Long debated by a Freelancer approaching a project – especially with a first time client, do you offer them a fixed price or rate per hour? You want to seal the deal with as little fuss, maybe you are worried the client will go elsewhere if you make things too complicated or piss them off, after all this is all boring admin stuff.
All you want is to get started on a project but the client wants to know how much it’s going to cost. It then becomes a roulette game for many freelancers, do they risk the fixed price to get the project or do they stick with hourly rate?
Reasonableness will dictate that a fixed price, is not a fixed price forever, with the right project management application – all tasks and requests can be chipped away from a fixed price. It is an assumption based on a certain number of hours and no ongoing support or maintenance – or is it? Many freelancers advertise packages such as “$500 for your new website” – while these might be sales hooks, in the mind of the client, thats the fixed price they are going to pay for everything – All the Work, Requests, Revisions, Feedback, Changes, Maintenance and Support!
Clients look at it as if they are buying a car(insert any other tangible product!), the car dealer is not going to tell you that the car will stop after 2000-miles and you have to buy more car. The problem with fixed price, is that in your clients eye, they see a price for a wrapped up service or services sold as a product.
Many freelancers use the fixed price system and add in buffers to protect them for changes, maintenance etc but the problem therein is that it can lose trust if you have set a fixed price of $1000 and final bill is $3500?. What happens when you have completed the project and the “snag list” appears with countless changes and you work back on the total time spent on the project ends up at like $2 an hour, the relationship can quickly sour with the client when you explain that you wont be doing anymore work or that their “hours” have ran out.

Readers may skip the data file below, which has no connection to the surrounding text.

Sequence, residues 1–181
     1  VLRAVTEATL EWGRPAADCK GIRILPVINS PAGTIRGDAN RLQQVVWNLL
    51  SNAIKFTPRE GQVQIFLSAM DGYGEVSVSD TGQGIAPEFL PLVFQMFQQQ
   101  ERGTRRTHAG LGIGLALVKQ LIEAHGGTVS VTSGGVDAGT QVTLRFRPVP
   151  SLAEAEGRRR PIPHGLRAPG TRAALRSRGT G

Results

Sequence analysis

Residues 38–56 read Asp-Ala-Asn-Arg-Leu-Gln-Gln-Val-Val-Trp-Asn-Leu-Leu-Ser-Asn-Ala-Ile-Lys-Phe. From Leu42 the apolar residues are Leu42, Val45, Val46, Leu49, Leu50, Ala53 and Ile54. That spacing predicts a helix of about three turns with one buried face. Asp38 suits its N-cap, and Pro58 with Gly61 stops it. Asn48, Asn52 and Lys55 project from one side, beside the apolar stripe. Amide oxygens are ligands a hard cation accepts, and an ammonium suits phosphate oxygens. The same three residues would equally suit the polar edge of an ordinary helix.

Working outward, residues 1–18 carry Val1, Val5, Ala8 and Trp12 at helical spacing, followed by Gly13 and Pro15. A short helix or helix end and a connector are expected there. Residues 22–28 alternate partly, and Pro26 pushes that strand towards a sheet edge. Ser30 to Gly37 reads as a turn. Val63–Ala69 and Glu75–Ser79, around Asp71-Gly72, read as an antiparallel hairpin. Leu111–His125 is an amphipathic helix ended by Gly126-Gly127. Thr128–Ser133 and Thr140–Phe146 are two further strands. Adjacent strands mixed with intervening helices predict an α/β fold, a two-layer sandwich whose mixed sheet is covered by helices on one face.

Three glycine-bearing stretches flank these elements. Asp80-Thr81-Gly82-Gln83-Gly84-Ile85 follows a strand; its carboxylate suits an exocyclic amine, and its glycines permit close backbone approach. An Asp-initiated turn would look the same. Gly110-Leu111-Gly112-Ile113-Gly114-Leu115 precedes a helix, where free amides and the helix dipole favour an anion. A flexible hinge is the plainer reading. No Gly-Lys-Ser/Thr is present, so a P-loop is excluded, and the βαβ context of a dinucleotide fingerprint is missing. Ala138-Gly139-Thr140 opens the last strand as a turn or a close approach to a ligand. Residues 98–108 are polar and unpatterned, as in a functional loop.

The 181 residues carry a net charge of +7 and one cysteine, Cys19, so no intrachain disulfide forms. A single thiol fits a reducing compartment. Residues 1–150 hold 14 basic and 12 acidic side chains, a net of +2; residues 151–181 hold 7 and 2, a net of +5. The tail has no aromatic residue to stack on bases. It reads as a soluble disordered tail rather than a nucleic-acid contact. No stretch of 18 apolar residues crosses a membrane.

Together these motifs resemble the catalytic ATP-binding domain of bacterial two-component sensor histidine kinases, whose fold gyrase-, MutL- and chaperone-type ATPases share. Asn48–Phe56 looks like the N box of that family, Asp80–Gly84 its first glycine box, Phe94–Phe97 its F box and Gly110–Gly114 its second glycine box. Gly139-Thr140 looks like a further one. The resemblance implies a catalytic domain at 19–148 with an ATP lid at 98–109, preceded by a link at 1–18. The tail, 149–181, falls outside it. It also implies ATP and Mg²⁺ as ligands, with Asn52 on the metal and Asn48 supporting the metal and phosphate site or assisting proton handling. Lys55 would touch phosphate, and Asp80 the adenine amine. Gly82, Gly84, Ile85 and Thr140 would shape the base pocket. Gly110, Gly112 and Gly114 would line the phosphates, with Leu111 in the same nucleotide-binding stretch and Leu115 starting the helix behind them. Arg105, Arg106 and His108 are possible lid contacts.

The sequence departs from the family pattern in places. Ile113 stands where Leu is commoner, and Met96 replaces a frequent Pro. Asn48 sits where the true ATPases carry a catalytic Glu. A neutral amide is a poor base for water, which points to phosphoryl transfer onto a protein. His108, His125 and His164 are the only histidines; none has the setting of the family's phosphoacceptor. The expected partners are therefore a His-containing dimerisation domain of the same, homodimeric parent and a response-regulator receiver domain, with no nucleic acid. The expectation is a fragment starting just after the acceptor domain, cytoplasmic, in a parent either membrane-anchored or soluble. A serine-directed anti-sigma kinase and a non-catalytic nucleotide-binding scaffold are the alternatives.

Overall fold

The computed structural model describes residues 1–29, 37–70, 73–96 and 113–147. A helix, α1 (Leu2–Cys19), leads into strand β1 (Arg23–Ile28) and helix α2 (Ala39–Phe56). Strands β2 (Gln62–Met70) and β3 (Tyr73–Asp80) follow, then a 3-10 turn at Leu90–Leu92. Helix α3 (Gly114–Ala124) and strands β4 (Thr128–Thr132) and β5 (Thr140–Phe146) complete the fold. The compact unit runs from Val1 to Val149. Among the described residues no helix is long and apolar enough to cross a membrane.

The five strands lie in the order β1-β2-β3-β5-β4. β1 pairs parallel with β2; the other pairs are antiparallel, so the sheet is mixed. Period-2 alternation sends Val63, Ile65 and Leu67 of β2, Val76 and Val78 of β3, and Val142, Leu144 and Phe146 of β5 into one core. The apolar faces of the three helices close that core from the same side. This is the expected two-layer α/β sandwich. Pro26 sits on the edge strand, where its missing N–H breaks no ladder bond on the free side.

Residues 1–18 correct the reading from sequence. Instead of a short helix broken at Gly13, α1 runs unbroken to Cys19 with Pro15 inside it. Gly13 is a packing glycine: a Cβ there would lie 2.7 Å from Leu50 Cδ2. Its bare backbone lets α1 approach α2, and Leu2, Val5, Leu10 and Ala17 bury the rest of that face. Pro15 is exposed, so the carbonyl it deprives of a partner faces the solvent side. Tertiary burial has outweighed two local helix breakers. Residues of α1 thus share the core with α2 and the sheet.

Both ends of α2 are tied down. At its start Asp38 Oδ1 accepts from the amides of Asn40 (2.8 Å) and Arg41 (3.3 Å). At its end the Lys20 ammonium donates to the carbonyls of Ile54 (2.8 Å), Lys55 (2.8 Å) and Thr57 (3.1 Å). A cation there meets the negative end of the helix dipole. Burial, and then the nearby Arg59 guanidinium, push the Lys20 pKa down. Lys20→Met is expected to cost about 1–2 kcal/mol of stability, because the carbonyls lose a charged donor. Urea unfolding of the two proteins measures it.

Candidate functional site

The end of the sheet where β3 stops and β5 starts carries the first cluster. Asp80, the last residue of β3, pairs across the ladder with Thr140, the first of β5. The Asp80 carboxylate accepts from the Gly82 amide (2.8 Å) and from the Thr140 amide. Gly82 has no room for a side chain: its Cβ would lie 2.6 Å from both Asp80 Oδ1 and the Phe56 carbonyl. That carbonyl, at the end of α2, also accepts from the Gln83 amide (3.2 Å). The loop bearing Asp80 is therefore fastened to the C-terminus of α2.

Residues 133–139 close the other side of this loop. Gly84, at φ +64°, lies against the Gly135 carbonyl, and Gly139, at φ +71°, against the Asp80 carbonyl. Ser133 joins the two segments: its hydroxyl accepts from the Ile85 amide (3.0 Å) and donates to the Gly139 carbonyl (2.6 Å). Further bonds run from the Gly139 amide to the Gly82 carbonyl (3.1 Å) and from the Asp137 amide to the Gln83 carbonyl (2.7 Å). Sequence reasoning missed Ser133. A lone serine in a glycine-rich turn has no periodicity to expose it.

Clients don’t see it like this – they bought the car, the car should work, if it doesn’t work it goes back to the garage. They don’t want to know how many hours the car took to manufacture and ship. They just want to use the end product and drive the car.
Working per hour is the perfect world for a freelancers and it gives creative freedom and less stress, it can also the favour the client too. A project might actually just take an hour so why bother with contracts and agreements when it can be done in a few minutes? Also when that big project comes along and there is an hourly rate in place, this means there is more scope of work instead of been restricted by a fixed price.
There are many freelancers who don’t set out any contract with their client from the get go and this is something that must be in place even for an hour’s work.Its really the Clients choice as they are controlling the finances and its the freelancers job to make sure their agreement is tight, the agreement sets out X number of hours, days or weeks and any revisions will charged at Y – no fooling around!
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